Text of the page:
Mesua ferrea

Mesua ferrea

Mesua ferrea (Ceylon ironwood, Indian rose chestnut, Cobra's saffron or locally, Penaga Lilin or Nahar) is a species in the family Clusiaceae. The plant is named after the heaviness of its timber and cultivated in tropical climates for its form, foliage, and fragrant flowers. It is native to tropical Sri Lanka, Assam, southern Nepal, Indochina, and the Malay Peninsula.

It is a small to medium-sized evergreen tree up to 13 m tall, often buttressed at the base with a trunk up to 90 cm in diameter. It has simple, narrow, oblong, dark green leaves 7-15 cm long, with a whitish underside; the emerging young leaves are red to yellowish pink and drooping. The flowers are 4-7.5 cm diameter, with four white petals and a centre of numerous yellow stamens.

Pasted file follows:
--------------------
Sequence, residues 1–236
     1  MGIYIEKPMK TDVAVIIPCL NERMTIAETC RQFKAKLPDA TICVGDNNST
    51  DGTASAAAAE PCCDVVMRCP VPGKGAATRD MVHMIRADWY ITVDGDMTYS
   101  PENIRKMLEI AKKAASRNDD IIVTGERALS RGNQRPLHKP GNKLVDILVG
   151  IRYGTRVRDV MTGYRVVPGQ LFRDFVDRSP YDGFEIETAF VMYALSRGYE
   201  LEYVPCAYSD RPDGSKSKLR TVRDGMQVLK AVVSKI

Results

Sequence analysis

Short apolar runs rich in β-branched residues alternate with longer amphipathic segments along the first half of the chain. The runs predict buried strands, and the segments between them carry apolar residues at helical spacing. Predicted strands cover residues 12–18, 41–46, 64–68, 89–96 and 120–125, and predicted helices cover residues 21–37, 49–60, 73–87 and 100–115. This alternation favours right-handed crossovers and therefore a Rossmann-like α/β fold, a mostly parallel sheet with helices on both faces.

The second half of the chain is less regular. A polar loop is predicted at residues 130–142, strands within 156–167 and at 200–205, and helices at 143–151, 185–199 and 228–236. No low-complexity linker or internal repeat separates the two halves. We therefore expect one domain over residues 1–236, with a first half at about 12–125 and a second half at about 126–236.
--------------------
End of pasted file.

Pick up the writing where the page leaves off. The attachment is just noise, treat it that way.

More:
The National Ironwood Forest is a 96 ha (238 acre) forest in Sri Lanka where Mesua ferrea trees dominate the vegetation. It is said that during King Dappula IV's period (8th century AD) this forest was created and the remaining trees are the shoots of it. Hence it is considered the oldest manmade forest in Sri Lanka. According to botanists this is the only ironwood forest in the dry zone with wet zone vegetation.

Symbolism and uses

It is the National tree of Sri Lanka. The wood is very heavy, and is used for railroad ties and structural timber. Its resin is slightly poisonous, but many parts have medicinal enhances the complexion.It leads to fragility transparency to the skin.

See also


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